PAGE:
Two Detroit-based technology start-ups, Nextek Power Systems and TOGGLED, have developed a modular, scalable low voltage power and lighting system that allows facility managers to rewire and move lights as building needs change – more safely and cost effectively than conventional systems.
The system also features a dashboard that integrates with existing building management systems, allowing building owners to remotely access and manage a low voltage power distribution system, efficient LED lighting, daylighting controls, motion controls. This system was tested and demonstrated at the NextEnergy Center, a living lab for cyber-physical systems across energy, transportation, and buildings in Detroit. The power and lighting system will be installed at the Chrysler House, a Bedrock Real Estate Services property in Detroit. Bedrock owns and manages seven million square feet of commercial real estate in Detroit and is a major driver in the city’s revitalization.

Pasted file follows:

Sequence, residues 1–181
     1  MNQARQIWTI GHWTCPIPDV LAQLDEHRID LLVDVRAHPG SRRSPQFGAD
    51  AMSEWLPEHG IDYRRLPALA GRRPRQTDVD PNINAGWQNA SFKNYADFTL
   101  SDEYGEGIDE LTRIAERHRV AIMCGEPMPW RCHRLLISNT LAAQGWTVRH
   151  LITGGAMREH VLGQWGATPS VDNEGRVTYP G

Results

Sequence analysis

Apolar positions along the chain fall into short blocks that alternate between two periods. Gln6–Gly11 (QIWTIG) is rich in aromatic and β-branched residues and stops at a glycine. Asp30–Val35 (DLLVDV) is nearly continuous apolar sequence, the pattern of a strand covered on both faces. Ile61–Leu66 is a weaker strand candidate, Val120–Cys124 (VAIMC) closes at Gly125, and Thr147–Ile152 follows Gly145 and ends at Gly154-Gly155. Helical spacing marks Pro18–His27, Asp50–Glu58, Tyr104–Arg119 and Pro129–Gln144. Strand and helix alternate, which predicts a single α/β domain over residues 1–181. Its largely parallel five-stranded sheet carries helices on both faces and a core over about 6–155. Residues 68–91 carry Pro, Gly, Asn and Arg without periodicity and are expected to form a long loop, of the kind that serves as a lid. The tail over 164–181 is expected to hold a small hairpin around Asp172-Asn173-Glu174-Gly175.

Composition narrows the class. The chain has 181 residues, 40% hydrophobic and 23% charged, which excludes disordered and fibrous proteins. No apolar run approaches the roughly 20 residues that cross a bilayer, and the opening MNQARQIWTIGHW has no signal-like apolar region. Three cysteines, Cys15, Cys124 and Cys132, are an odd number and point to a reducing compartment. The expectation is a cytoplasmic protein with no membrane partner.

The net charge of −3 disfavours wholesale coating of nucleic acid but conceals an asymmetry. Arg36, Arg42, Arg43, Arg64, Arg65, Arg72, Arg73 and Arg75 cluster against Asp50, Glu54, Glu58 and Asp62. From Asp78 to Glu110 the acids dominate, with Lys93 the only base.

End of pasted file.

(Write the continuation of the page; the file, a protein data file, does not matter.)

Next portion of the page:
The goal of the project is to validate energy savings, flexible configuration and improved cash flow in a commercial building, providing proof points for scale-up opportunities that may lead to additional projects. Nextek and TOGGLED employs over 40 people to design, engineer and manufacture the low voltage power systems and LED lights in Metro Detroit. As this technology scales, there is potential to create more than $12 million in manufacturing activity and $5 million in wages in Detroit over the next three to five years. The demonstration supports Detroit revitalization by leveraging local talent in the fields of software, design and engineering to create intellectual property and manufacture high-tech solutions in Detroit that can benefit building owners globally.